Piercing consists of piercing areas of the body in order to adorn them with jewelry. If practiced and cared for improperly it can present some risks
- How they are treated
- How to prevent risks
Piercing, also called body piercing, is a technique that consists in piercing certain areas of the skin, in order to adorn them with jewelry made of steel or other materials. The definition is given by the word piercing itself which derives from the verb to pierce, whose translation from English is precisely to pierce. Holes can be made in various parts of the body such as the ear, nose, navel; these are superficial holes that involve the skin and, in some cases, the cartilage tissue and which are usually performed with sterile needles, more rarely with “guns” to shoot earrings, which are little used today compared to the past. Like tattoos, piercings are a way to “decorate” your body. In some cultures, piercings and tattoos not only have an aesthetic value but above all represent spiritual symbols or symbols of belonging to a community, tribe or religious belief. Although it is a minimally invasive and almost not painful surgery, even piercings can present some risks, especially if poorly performed or not treated properly.
There are different types of piercings that can be distinguished from each other based on the way they are performed, the jewel chosen and the area of the body. The most accurate and hygienic method of piercing is the one that involves the use of sterile needles used by professional piercers. The use of the gun shooting earrings, once widely used and still used today in some jewelers and pharmacies, does not allow the same precision of needle piercing, applies thick earrings with a rear butterfly that presses excessively on the area of the hole and it is less hygienic than the needle, unless it is a disposable gun. The use of the needle, on the other hand, is safer and allows you to insert jewels of the right size for the hole; if well done and well cared for, needle piercing presents less risk. The types of piercings also include microdermal piercings or anchor piercings, which are applied by anchoring a plate under the skin to which a jewel is attached, usually a titanium ball or a diamond.
As for the area to be pierced, piercings are commonly performed on the lobes or in other areas of the ear, for example in the tragus – the small triangular protrusion of the external pavilion – or in the upper ear area as in the case of the helix piercing. Other areas of the body that can be punctured are the nose, both at the level of the nostril and the nasal septum; in the case in which the pierced part is the nostril we speak of our piercing, while the piercing to the nasal septum is called septum piercing when it is performed at the base of the nose between the nostrils and bridge piercing when the pierced area is that between the eyebrows. Piercings can also be performed in various points of the eyebrow arch (cheeks, cheekbones, lips and areas around the lips, tongue and navel). Piercings of the nipples and of the male and female genital organs are also very common. Based on the area where the piercing is carried out, the type of jewel to be applied is decided, which can be a diamond, a ring, a bar, generally in metal – gold, steel, titanium – but also in other materials, such as stone or bone.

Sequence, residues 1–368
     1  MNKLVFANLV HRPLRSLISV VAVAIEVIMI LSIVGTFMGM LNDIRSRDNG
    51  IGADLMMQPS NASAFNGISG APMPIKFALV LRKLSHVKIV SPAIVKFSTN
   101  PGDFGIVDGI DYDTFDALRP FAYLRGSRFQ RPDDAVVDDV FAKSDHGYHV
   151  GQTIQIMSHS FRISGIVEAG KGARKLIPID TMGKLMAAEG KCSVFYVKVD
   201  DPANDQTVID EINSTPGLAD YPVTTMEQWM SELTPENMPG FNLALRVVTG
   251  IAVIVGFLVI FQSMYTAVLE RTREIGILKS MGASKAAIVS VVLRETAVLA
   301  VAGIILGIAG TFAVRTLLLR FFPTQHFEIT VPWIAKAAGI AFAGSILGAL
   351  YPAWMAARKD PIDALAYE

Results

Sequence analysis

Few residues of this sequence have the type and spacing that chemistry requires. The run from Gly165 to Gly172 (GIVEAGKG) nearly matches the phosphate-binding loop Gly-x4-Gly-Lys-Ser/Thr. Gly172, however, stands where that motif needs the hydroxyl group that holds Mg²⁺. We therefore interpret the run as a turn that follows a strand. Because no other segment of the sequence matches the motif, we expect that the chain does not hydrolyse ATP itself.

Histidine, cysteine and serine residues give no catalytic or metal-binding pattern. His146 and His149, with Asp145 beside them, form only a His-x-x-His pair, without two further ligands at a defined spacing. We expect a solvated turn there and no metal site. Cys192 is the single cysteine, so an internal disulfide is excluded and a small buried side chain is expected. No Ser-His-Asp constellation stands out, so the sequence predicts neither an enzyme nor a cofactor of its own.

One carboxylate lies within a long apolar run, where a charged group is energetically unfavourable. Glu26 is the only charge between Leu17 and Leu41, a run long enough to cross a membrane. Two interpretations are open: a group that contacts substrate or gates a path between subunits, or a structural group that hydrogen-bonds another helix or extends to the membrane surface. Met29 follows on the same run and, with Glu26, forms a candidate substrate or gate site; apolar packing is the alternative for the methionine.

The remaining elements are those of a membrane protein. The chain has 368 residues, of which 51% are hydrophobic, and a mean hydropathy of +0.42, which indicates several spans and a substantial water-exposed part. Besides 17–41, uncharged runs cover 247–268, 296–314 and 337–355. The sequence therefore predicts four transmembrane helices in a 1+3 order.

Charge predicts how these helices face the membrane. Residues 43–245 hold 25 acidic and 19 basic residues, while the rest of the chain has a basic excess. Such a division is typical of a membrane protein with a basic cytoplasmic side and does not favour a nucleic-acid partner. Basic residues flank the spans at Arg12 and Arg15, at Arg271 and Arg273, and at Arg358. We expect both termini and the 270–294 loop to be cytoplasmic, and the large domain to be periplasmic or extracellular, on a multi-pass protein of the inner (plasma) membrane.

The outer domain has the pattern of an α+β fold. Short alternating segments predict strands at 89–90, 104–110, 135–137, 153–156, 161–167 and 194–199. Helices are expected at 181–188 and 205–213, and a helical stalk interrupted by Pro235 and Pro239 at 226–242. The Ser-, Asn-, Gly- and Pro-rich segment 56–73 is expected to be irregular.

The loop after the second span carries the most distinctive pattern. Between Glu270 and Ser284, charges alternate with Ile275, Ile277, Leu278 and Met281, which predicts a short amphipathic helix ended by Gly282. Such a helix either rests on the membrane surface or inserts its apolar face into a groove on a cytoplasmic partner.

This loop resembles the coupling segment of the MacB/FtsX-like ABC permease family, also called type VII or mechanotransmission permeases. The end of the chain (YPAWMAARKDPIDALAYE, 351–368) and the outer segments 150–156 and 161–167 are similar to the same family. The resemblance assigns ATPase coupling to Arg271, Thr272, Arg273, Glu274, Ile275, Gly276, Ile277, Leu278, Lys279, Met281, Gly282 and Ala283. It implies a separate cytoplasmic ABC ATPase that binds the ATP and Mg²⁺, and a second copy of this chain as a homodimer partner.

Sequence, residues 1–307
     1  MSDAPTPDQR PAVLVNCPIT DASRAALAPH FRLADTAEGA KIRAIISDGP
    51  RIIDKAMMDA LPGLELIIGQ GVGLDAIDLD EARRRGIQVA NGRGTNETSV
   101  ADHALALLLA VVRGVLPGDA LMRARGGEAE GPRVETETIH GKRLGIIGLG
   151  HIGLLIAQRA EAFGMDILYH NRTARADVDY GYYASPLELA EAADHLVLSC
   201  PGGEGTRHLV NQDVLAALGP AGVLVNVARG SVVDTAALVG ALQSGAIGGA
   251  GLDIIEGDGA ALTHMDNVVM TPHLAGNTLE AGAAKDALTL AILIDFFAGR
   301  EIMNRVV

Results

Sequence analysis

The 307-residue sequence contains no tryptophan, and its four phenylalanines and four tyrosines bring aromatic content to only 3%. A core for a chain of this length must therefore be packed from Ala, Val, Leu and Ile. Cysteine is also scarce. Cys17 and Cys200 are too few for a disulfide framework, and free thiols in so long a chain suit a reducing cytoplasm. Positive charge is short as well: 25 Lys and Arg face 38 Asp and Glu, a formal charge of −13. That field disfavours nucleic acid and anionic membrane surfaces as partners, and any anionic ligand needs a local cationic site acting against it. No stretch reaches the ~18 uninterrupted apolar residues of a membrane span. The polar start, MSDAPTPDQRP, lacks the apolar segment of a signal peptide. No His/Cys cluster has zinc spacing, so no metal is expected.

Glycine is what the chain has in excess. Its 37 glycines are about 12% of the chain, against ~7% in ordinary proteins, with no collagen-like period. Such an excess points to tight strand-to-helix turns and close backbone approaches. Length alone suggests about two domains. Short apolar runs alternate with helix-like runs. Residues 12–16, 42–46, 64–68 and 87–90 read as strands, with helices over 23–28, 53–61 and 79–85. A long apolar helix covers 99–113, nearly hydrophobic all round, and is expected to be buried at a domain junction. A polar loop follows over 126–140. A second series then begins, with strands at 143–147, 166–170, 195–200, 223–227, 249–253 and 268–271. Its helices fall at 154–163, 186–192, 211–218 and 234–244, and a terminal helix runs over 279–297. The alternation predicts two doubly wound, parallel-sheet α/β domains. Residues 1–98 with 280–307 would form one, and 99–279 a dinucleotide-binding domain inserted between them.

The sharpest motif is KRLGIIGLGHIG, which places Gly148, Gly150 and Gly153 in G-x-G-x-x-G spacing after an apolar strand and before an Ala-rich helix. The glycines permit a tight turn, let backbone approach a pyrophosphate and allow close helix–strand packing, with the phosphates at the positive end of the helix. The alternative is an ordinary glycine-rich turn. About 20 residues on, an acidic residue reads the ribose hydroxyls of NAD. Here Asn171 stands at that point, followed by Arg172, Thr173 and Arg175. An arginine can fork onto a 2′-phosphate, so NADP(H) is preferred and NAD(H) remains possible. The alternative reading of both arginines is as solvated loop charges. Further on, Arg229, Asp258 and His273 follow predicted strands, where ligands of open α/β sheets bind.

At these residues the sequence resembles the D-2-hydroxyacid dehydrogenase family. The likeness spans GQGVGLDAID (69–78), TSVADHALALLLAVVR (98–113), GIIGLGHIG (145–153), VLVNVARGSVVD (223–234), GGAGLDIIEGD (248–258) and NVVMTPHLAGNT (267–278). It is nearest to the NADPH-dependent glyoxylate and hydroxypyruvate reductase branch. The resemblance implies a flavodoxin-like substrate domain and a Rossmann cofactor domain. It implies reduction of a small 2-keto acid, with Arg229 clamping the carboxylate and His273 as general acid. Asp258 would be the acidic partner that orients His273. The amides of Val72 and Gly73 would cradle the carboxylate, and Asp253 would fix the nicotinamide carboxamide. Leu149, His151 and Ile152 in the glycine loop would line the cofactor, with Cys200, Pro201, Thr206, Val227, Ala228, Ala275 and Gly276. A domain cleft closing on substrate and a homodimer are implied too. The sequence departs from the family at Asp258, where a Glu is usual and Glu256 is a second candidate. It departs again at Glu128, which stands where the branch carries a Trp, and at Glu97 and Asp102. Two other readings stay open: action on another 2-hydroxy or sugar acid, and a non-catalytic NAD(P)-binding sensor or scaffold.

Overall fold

How they are treated
Piercings heal quickly and, if well cared for, are unlikely to cause problems. However, if the piercing is not treated properly, the hole can become infected and the infection can lead to having to remove the jewelry, as well as causing pain. Immediately after having done a piercing and in the following days it is therefore necessary to treat the pierced area adequately, following the instructions provided by the piercer. In general, the piercing area should be rinsed twice a day with a saline solution and dried with a sterile gauze, without removing the jewel. The piercing should not be handled except during cleansing and always with clean hands. During the first few days, the hole may appear red and slightly swollen, crusts may be seen, and discomfort, slight pain and itching may be felt. If these symptoms do not improve within three to four days or even worsen, it is a good idea to have the piercing checked by your doctor, especially if thick, whitish or yellowish secretions appear.
How to prevent risks
Piercings can lead to bacterial or viral infections, allergic reactions and inflammation that can leave scars. Most of the risks of piercings are easily preventable by respecting the hygiene rules, so it is good to turn to serious and reliable professionals and take care of the piercing properly at home, after having performed it. It is then obviously necessary to communicate to the piercer any known allergies, for example allergy to nickel and to pay attention in case of chronic diseases such as diabetes or immune system deficiency, which can make it difficult for piercings to heal.